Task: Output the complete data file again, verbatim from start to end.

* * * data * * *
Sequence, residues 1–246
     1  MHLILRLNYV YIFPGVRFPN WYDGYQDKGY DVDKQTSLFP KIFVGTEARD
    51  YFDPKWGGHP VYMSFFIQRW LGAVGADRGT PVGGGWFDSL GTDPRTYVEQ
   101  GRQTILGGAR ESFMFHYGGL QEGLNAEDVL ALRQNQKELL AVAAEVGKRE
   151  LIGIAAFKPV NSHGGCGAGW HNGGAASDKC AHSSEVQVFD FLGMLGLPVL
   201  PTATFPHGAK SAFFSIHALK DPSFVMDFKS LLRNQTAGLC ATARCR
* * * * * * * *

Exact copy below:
Sequence, residues 1–246
     1  MHLILRLNYV YIFPGVRFPN WYDGYQDKGY DVDKQTSLFP KIFVGTEARD
    51  YFDPKWGGHP VYMSFFIQRW LGAVGADRGT PVGGGWFDSL GTDPRTYVEQ
   101  GRQTILGGAR ESFMFHYGGL QEGLNAEDVL ALRQNQKELL AVAAEVGKRE
   151  LIGIAAFKPV NSHGGCGAGW HNGGAASDKC AHSSEVQVFD FLGMLGLPVL
   201  PTATFPHGAK SAFFSIHALK DPSFVMDFKS LLRNQTAGLC ATARCR